They want to us continually be risking a government shutdown. And I wish that they would decide that it's more important to fund national security than it is to put us in this kind of quandary on a regular basis with continuing resolutions.

    Now, to be fair, it's Mitch McConnell and the Republicans who have insisted on a 60-vote rule, rather than a mere majority, that has empowered the Democrats in the United States Senate to be such troublemakers when it comes to avoiding these government shutdown risks on a regular basis.

  • John Yang:

    I want to be clear on what you want here.

    Now, is it — are you objecting to removing the caps, the spending caps that the Senate is talking about? Or do you just want that offset, that additional spending offset?

  • Rep. Mo Brooks:

    I want us to be financially responsible, where we do not increase the risk of America going through a debilitating insolvency and bankruptcy.

    Just by way of example — and I'm going to share some data with you — you remember we had four consecutive years of trillion-dollar deficits. That resulted in large part in Republicans capturing the House. And we worked hard to reduce that annual deficit down to $438 billion three years ago.

    Two years ago, it went in the wrong direction, up to $585 billion. Last year, it went in the wrong direction, $666 billion. With this bill, we're going to push the deficit through the trillion-dollar mark. That's going to adversely affect credit markets. That's going to drive up interest rates. In turn, that's going to suppress the stock market.

    And I think you saw a little bit of that today, as news started getting out as to how financially irresponsible this legislation is and how much more money the federal government is going to have to borrow. And you look at all the cascading effects of this legislation, and nobody who has any financial sense at all could possibly be for it.

    We have already got the Congressional Budget Office, the Government Accountability Office, the comptroller general of the United States a year ago warning us that our current financial path, as a country, is unsustainable, which in accounting language is really, really bad, meaning we're heading towards an insolvency and bankruptcy.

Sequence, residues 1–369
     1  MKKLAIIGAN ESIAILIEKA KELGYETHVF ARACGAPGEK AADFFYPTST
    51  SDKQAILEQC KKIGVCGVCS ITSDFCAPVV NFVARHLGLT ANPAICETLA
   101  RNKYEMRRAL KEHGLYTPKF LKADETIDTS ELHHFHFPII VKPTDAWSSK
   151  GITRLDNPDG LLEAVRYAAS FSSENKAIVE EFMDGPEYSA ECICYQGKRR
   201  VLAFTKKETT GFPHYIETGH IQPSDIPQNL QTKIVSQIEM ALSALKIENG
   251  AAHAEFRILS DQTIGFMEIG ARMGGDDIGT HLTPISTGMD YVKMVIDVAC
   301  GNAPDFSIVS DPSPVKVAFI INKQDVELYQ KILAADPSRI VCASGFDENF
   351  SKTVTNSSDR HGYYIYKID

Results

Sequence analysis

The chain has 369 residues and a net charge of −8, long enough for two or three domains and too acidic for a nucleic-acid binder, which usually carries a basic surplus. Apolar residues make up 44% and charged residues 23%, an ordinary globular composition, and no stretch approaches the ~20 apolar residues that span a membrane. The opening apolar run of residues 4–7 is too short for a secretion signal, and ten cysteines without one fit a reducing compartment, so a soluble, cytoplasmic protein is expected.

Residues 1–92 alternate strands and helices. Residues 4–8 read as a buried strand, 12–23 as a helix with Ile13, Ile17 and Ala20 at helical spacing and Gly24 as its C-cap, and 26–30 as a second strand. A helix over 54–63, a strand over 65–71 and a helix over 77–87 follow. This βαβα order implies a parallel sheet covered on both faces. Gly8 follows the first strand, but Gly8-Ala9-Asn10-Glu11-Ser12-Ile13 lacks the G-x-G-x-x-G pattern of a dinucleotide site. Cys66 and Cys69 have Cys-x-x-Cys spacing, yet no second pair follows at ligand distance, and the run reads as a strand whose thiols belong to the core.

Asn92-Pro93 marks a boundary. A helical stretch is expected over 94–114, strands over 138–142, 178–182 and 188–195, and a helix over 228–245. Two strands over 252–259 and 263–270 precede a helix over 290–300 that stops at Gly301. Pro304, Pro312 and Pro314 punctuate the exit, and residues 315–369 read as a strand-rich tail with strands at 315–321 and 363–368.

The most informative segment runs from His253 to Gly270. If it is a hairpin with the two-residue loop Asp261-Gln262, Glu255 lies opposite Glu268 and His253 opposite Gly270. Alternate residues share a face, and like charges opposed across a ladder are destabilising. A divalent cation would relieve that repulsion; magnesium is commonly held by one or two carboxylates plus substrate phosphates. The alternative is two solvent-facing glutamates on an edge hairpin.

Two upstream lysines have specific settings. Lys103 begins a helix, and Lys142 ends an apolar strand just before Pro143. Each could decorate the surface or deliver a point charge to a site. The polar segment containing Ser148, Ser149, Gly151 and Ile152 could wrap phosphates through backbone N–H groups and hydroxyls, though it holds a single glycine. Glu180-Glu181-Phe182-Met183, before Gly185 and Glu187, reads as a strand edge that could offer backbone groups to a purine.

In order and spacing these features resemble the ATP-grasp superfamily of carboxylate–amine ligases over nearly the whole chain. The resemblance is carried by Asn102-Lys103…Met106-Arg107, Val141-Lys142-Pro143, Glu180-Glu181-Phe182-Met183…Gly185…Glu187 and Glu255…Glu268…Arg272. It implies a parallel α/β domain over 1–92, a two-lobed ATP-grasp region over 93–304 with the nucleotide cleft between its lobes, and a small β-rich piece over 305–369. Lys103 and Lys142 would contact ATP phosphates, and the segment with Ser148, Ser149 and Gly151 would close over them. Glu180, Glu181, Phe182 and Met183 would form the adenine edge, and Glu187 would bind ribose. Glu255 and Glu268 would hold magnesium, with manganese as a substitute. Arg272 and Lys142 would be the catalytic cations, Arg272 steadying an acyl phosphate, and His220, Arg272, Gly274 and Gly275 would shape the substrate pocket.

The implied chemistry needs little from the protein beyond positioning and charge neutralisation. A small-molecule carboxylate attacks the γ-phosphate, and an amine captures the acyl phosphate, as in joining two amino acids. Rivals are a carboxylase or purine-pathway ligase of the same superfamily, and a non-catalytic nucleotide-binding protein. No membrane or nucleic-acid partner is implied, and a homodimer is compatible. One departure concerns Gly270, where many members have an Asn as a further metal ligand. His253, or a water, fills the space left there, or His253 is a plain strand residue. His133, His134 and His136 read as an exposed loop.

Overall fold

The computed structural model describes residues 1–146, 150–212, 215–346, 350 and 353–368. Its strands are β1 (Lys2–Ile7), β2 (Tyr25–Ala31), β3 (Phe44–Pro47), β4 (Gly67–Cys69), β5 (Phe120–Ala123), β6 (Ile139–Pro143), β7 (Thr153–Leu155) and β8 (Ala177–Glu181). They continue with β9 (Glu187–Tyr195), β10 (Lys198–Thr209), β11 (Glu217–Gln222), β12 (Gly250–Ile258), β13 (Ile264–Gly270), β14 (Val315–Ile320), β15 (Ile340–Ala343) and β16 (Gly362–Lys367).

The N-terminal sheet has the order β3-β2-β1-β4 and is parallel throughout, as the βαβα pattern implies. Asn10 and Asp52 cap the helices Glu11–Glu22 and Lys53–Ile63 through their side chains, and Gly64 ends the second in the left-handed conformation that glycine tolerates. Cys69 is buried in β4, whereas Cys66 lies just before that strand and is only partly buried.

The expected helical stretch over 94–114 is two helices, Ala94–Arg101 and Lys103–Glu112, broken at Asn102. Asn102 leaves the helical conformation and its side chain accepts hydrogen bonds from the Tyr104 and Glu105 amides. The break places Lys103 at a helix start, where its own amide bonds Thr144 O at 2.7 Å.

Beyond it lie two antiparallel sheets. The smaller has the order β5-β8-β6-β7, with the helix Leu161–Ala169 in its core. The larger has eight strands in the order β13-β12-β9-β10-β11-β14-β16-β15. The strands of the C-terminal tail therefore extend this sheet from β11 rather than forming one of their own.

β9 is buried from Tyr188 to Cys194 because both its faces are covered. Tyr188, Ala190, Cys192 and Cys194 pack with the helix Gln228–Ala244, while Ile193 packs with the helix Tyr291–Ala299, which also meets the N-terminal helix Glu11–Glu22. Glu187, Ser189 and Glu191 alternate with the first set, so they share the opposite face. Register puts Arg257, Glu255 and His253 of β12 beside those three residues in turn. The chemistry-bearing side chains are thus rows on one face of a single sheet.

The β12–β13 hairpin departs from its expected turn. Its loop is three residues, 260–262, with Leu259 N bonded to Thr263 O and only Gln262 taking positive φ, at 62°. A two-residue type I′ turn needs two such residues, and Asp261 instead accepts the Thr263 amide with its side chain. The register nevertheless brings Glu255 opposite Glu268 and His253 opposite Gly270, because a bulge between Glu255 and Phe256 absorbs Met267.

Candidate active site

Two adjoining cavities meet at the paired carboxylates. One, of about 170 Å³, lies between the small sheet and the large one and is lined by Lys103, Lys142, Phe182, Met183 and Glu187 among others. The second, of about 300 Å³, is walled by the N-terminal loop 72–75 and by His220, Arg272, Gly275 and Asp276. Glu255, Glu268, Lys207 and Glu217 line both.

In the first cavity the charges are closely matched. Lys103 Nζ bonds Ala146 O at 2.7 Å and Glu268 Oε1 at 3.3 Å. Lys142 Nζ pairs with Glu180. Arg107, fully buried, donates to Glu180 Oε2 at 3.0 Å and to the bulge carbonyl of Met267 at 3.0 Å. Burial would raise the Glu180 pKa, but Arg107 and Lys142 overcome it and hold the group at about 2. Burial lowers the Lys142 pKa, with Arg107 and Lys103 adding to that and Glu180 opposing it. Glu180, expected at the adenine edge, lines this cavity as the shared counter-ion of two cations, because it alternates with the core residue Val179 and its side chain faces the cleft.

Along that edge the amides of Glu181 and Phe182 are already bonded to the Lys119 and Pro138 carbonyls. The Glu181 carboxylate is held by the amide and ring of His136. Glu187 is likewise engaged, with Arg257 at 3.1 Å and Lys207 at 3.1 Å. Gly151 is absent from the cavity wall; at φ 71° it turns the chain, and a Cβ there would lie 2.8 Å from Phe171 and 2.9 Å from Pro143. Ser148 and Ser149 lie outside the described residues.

And now you add to it a spending bill that increases our deficit by at least $200 billion, that collectively with everything else causes us this year to blow through the trillion-dollar mark, with every single year thereafter being in excess of $1 trillion of additional debt, and you can see that it's unsustainable, and that will collapse in time the government of the United States, when we no longer have the money to pay for the things that citizens are used to receiving.

  • John Yang:

    Do you think the Freedom Caucuses as a bloc is going to stand up against this?

  • Rep. Mo Brooks:

    Well, the Freedom Caucus, by and large, puts country first. This is a no-brainer.

    Quite frankly, the only folks who should be voting for this are the debt junkies, who love unsustainable spending bills. But if you're going to be financially responsible and you're going to put country first, as much as we love some of the spending aspects of it, we have to vote no in order to save the solvency of the United States of America.

    We pay these financial gurus to give us collective advice, and they're warning us. They're screaming at us. They're putting the warnings in writing. And to ignore it is financial folly.

    I suggest people look at what's going on in Venezuela, where the inflation rate last year was 800 percent, where 75 percent of their population over a recent 12-month period had an average weight loss of 19 pounds per person. That's 22 million to 23 million people who can't get enough calories to sustain their body weight.

    Do you really want America to go through that with an insolvency and bankruptcy of a central government? Research Venezuela. You will see how bad it is. Look at Greece, a country that's been bailed out on three different occasions, and you will see how bad it is.

    Look at Puerto Rico, and you will see how bad it is. We cannot let America go there.

  • John Yang:

    Representative Mo Brooks of Alabama, sir, thanks for joining us.

  • Rep. Mo Brooks:

    Thank you.